I saw a news clipping on Facebook today with someone criticizing kids for being crybabies, for living in a dream world, and for feeling as if the world owed them something. I understand the impetus for the piece. I have reared two generations of teens. I know that it can be thankless and tiresome and just plain exhausting. However, I WANT kids to be dreamers and I want to encourage them to live in that world where all things are possible. How about a world where someone who worked on an assembly line and would write during his break went on to win fame as an author (Christopher Paul Curtis)? How about a world where a kid who grew up in dire circumstances and end up as a professor who gets to talk about books all day (hmmm who do I know who fits this description?)?
One of my favorite scenes in UNCLE BUCK is John Candy becoming angry at an elementary principal who criticizes his niece for being a daydreamer and a twaddler. I feel the same way. As for crying: I would prefer to see genuine emotion from a kid and deal with that. I am tired of the passive aggressive adults I run into. I hate the pejorative term crybaby. I hate seeing adults expect kids to behave in an adult manner. Let them be kids. I watched a 4 year old (I am guessing) run around the pizza joint last night. She was not disturbing other folks, and she was letting off energy. I imagine she fell asleep on the drive home.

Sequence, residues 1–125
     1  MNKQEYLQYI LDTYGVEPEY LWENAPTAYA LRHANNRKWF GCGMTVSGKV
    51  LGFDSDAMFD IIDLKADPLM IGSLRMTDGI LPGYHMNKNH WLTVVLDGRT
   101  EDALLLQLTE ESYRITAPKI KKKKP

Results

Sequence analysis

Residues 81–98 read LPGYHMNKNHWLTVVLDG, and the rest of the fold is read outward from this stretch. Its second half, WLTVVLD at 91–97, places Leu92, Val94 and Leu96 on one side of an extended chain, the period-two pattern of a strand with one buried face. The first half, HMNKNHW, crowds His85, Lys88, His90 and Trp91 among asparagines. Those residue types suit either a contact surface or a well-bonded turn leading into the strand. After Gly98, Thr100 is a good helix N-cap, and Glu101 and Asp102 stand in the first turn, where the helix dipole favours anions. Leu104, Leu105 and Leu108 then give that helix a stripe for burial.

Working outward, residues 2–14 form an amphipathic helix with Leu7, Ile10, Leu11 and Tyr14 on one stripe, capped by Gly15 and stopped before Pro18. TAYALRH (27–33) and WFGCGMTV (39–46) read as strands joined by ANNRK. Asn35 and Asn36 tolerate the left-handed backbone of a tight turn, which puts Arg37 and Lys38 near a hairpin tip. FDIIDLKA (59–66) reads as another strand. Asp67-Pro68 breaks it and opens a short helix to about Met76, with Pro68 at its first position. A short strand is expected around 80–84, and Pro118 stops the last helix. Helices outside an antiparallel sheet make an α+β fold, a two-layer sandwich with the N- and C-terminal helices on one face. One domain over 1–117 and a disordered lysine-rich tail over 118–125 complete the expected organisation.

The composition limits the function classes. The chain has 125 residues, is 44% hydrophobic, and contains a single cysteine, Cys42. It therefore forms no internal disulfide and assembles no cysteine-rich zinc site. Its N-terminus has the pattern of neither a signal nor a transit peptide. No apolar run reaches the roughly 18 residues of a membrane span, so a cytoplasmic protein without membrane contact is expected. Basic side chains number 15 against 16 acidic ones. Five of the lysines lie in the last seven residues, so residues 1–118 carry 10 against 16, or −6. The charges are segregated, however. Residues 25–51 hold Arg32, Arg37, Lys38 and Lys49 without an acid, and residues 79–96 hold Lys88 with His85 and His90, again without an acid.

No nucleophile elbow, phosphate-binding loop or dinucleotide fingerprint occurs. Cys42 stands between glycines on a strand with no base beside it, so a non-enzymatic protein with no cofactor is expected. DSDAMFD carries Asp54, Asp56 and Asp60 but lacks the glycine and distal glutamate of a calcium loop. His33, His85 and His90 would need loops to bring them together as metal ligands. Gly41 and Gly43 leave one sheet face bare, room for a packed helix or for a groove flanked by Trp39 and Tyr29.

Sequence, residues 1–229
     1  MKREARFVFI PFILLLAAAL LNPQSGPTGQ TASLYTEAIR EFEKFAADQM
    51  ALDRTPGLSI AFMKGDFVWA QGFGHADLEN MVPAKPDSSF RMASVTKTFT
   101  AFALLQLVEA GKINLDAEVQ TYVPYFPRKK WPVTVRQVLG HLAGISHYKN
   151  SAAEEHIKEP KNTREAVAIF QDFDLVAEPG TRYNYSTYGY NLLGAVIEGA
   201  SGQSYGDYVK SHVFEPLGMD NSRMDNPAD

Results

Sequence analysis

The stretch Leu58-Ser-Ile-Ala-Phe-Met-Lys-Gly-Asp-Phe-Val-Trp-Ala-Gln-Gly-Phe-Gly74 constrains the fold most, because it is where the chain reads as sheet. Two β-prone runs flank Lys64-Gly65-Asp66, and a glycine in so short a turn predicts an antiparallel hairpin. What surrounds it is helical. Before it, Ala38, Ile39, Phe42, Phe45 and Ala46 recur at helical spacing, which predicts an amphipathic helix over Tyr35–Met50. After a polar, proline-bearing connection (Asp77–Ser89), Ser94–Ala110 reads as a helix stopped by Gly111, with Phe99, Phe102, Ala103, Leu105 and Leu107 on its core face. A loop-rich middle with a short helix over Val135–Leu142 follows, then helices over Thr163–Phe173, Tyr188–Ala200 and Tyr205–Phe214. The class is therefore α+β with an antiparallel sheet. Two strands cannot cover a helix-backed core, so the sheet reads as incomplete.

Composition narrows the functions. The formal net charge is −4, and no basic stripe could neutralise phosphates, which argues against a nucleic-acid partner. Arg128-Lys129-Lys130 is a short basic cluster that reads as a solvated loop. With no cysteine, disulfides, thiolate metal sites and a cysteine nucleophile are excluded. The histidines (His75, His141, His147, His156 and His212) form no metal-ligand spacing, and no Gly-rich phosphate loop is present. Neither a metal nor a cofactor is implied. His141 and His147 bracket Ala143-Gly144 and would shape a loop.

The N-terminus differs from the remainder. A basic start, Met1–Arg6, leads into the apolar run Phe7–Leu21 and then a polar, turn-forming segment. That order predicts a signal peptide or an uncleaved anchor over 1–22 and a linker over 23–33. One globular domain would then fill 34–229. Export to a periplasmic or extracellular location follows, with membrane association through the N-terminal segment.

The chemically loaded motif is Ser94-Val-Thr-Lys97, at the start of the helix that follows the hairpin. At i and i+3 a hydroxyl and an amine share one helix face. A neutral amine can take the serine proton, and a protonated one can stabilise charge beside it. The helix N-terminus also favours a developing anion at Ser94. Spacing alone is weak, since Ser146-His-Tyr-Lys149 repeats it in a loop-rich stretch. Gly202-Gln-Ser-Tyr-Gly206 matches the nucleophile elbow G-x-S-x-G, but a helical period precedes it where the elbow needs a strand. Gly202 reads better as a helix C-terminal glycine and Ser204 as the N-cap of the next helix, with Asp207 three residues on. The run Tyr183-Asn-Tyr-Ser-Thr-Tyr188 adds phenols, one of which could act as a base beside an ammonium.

As for the feeling that the world owes kids something, it does: it owes them safety, it owes them education, it owes them love and support and acceptance. And what, pray tell, does this have to do with books (where we began this journey today)? Take a look at the books that received some accolades and note that these are books that will help kids keep dreams alive (see Langston Hughes for why this is important), which will help them develop empathy (which might make them a trifle teary-eyed) and which will show them how to become a member of the world who gives back when possible.
I have some books to add to the TBR pile, and I do so gladly.